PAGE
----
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Research Proposal

Introduction
In the recent past, cloud computing has emerged as a new model suitable for the
provision of on-demand Information Technology resources. The use of cloud computing is
rapidly revolutionizing the manner in which Information Technology is managed and delivered
to the intended users. The increase in the adoption of cloud computing fosters cooperation among
the cloud providers and has over time increased the complexity of the needs of the users. The
cloud-computing users need to spread their services and resources beyond certain geographical
boundaries. Furthermore, cloud-computing users are interested in distributing their services to a
heterogeneous population rather than a homogenous one. It is now possible for cloud users to
rent resources such as Virtual Machines on a pay-per-use basis in order to avoid additional
operational and capital expenses. However, the choice of the cloud model to be used by the
clients is influenced by the ability of the system to scale the available resources and provide
flexible payment options.
A cloud computing environment allows an infrastructure provider (InP) to divide the
physical resources that are available inside each data center into what is commonly referred to as
virtual resources. In most cases, virtual resources constitute virtual machine (VMs) which are
rented to the service providers using an on-demand system. Once the resources have been shared,
the service providers use them to organize Information Technology applications with the
objective of serving a wider number of customers through the Internet. One setback of using a
cloud computing environment in the provision of IT services is that most infrastructure providers
do not provide performance guarantees concerning propagation and bandwidth delays. Lack of
such guarantees has a huge impact on the process of deploying virtual services and applications.

Recent research studies have made numerous efforts to address these shortcomings by proposing
the use of virtual data centers (VDCs) while offering IT resources.
For the purpose of this research, virtual data centers are defined as a collection of virtual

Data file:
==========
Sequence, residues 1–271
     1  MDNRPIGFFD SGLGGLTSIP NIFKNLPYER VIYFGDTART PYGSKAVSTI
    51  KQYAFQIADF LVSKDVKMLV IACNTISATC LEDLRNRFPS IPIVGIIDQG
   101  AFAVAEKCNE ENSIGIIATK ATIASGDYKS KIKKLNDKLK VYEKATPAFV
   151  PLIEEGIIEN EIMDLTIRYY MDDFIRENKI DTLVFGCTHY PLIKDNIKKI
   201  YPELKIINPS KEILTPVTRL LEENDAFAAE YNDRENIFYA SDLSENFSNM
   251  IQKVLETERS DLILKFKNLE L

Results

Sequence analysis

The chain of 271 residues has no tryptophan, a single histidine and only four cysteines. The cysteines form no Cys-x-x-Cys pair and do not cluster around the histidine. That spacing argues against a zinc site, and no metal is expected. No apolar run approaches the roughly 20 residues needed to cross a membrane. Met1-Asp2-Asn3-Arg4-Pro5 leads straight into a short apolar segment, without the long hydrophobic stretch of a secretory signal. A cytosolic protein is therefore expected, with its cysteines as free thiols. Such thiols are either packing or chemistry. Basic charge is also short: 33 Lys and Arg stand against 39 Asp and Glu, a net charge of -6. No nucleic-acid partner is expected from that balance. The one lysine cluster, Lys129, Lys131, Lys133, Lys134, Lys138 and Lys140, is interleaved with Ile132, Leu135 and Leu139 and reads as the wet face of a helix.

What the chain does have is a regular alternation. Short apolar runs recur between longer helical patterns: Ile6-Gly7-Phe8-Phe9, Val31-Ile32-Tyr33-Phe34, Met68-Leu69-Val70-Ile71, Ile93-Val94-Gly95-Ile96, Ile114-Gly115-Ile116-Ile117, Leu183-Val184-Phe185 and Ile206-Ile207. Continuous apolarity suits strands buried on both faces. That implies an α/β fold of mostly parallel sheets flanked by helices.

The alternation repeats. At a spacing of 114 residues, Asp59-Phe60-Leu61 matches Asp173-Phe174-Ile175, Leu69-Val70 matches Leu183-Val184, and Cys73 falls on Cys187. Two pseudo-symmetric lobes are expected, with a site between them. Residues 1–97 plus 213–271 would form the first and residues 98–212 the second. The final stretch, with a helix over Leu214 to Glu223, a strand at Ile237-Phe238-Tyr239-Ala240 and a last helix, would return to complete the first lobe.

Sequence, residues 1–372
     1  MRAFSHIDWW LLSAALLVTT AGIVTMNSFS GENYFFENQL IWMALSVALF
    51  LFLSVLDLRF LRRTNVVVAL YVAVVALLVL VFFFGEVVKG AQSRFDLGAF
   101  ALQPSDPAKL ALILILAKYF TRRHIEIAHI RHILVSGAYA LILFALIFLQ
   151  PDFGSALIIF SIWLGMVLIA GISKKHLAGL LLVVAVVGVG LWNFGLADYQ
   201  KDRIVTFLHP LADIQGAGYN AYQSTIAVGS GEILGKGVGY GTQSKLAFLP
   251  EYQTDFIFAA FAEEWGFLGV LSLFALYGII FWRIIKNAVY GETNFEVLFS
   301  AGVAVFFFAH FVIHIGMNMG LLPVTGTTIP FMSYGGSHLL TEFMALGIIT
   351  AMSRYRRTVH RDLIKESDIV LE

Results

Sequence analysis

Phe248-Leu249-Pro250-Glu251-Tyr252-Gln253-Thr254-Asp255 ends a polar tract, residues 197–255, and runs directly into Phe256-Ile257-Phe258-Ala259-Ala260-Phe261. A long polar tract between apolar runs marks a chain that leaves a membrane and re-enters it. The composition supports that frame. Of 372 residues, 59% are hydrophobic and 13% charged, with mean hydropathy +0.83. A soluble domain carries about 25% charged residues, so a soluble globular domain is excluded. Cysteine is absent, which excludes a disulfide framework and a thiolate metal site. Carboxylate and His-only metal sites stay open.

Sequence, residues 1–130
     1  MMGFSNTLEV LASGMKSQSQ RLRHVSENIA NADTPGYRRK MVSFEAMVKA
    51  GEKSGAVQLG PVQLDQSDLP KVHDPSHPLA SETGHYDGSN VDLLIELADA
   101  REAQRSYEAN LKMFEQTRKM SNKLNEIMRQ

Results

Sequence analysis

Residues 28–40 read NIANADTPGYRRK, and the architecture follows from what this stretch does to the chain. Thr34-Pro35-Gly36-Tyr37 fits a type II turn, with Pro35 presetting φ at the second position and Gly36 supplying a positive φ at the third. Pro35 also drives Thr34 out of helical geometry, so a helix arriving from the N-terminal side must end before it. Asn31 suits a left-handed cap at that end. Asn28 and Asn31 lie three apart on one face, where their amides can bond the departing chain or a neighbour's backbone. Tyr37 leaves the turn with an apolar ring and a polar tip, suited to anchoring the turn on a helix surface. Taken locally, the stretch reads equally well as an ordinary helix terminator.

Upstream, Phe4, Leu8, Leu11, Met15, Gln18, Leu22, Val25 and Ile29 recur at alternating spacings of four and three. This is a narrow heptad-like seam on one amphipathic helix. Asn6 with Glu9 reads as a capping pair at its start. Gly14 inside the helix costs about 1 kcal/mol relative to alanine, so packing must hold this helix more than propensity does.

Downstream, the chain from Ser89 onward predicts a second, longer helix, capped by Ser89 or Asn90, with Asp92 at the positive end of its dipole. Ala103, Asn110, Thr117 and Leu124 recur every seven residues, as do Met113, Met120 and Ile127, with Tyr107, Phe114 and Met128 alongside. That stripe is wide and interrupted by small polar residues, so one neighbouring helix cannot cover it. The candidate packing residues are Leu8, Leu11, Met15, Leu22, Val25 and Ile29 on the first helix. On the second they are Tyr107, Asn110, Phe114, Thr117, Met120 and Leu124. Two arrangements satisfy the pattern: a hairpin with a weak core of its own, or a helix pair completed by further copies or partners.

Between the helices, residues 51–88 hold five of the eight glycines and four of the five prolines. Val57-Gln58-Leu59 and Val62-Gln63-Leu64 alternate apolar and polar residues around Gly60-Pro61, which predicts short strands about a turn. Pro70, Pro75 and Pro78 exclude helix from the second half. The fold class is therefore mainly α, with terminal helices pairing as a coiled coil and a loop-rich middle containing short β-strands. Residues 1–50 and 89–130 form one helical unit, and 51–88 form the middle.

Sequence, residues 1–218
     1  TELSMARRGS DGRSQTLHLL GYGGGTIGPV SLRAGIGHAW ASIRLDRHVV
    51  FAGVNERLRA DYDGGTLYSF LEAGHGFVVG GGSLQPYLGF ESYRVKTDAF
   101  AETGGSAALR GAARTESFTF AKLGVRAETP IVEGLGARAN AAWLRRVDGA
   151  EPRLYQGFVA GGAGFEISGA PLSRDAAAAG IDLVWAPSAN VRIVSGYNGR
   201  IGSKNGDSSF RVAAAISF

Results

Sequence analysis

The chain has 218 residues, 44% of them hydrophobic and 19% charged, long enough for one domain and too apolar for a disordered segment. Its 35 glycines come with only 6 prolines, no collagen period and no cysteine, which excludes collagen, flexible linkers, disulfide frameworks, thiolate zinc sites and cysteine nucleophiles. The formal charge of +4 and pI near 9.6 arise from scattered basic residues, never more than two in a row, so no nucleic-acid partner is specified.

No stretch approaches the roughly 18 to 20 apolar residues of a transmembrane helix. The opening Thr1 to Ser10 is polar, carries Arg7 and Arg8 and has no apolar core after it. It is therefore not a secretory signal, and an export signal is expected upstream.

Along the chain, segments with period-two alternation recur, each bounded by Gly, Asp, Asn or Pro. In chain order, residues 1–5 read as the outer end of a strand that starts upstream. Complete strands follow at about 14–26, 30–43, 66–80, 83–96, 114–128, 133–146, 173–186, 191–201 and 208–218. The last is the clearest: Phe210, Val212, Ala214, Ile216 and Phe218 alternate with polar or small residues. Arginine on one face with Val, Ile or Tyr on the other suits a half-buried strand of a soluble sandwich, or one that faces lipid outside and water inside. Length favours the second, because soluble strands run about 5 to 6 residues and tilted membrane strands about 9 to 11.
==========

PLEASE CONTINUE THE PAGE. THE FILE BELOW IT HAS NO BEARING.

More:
machines, routers, and switches that are interconnected through virtual links. Each virtual link in
a virtual data center is characterized by its propagation delay and bandwidth capacity. When
VDCs are used, cloud computing users are able to enjoy better capabilities to isolate network
resources and improve the performance of the service applications. Though beneficial than using
traditional virtual machines, the use of VDCs exposes cloud providers with a new set of
challenges referred to as the VDC embedding problem. The problem aims at mapping virtual
machines, routers, and switches onto the physical infrastructure. In this context, Virtual network
mapping (VNM) refers to finding optimal techniques to handle the requests received from clients
on a continuous basis. VNM is done by developing virtual networks that have multiple Virtual
Machine instances that run on servers in various data centers distributed geographically.
The research paper aims at proposing a management framework that is able to coordinate
the distribution of virtual data centers across a geographically distributed infrastructure. The
paper will add to previous research on virtual network mapping as well as introduce new
methodologies in the same niche to facilitate easier operating in cloud computing data centers.
New contributions in this research paper can be summarized as shown below:

Investigate the mathematical model of cloud computing data center based on OpenFlow

standard 1.0.
Implement efficient traffic routing schemes that localize data flows between the virtual
machines used within a cloud computing environment.

Decrease the network contention and increase overall energy efficiency of a cloud
computing system.

Research Problem 1:
Mathematical model of a cloud computing data center
In the first research model, the research paper will describe an adequate mathematical
model of cloud computing data center. The mathematical model is represented in terms of an
undirected graph whose vertices represent network devices. The network devices included in the
graphs include components such as the data storage devices, computing nodes, controllers, and
switches. The edges of the graphs represent the network links between the network devices. The